A half mile from the trailhead, the rain tapered to a light mist. The temperatures were mild. The wind light. And, before the day was out, the sun poked through the clouds. It was a glorious fun-filled satisfying day on one of my very favorite mountains in the world.

It would have been easy to stay in bed.

Now I am not suggesting that you should be reckless; or act without thinking; or start out unprepared; or not consider contingencies.

But that’s not the challenge that most people face.

Most folks when they’re thinking about starting out on a project – a new career or business, a book, a fitness program, a product launch, a new relationship – want to wait until everything is in place, until conditions are perfect, the set-up ideal. Life is not like that (in case you haven’t noticed). Conditions are never ideal; all of the pieces are never in place.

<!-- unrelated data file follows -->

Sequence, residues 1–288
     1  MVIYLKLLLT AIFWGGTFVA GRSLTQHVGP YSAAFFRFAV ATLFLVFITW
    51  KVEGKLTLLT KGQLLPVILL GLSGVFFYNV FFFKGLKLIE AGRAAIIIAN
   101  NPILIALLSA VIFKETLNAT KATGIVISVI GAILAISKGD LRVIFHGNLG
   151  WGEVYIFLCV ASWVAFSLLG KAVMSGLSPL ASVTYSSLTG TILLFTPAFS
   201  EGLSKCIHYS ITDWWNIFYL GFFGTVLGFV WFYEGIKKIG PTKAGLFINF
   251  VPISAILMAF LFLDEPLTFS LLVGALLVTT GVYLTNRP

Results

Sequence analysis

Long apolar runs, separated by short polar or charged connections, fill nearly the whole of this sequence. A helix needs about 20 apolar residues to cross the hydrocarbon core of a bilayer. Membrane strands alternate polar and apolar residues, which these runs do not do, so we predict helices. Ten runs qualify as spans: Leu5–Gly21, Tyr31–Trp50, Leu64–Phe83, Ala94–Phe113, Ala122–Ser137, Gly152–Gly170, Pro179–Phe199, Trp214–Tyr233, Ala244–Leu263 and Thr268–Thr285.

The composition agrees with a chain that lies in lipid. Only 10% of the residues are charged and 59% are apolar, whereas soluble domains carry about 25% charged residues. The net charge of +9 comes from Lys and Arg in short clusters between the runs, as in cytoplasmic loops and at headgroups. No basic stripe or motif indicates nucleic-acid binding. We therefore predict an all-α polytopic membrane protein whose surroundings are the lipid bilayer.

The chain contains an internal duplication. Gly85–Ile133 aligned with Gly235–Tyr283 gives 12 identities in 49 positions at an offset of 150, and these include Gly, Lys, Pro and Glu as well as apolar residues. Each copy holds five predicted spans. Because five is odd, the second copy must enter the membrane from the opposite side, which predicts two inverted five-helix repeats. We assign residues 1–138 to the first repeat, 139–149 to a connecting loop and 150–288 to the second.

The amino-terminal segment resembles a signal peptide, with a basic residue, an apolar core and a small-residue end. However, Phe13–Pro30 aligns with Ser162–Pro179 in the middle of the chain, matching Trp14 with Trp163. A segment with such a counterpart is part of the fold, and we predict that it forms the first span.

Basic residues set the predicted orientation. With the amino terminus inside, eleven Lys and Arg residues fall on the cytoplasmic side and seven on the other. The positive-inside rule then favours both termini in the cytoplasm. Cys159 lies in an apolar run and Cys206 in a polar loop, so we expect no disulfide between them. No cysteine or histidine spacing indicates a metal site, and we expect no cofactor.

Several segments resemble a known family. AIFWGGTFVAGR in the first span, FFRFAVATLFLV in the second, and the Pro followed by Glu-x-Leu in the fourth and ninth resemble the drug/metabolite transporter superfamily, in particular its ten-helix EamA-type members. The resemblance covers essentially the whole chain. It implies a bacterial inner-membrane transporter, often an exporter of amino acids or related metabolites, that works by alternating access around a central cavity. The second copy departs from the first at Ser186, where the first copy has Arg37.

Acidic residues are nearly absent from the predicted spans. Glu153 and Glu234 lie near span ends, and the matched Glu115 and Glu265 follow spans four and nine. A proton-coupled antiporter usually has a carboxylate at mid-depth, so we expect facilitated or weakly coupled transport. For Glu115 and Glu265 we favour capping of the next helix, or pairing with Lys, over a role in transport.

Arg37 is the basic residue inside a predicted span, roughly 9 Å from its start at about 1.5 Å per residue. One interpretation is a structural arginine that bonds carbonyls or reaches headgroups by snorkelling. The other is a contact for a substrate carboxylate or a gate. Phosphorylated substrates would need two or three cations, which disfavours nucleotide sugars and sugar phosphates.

You’ve gotta start out… and see what happens.

Martin Luther King, Jr. said, “Take the first step in faith. You don’t have to see the whole staircase, just take the first step.”

Imperfect action is still action; imperfect progress is still progress. And sometimes when you start out – in fact more often than not – conditions turn in your favor. It’s as if the Universe recognizes your boldness and says, “Ah ha, she’s serious;” “Hmm, I guess he means it this time.”

You are rewarded for your audacity, for your courage; and for your faith: Faith in the abundance of a benevolent Universe; faith in the knowing that you will always find the path; faith in the power of your own inner strength.

Brené Brown writes, “Only when we are brave enough to explore the darkness will we discover the infinite power of our light.” “Be brave with your life,” she says, “so that others can be brave with theirs.”

You have gifts that the world needs desperately. Conditions will never feel ‘right’ to venture out with them.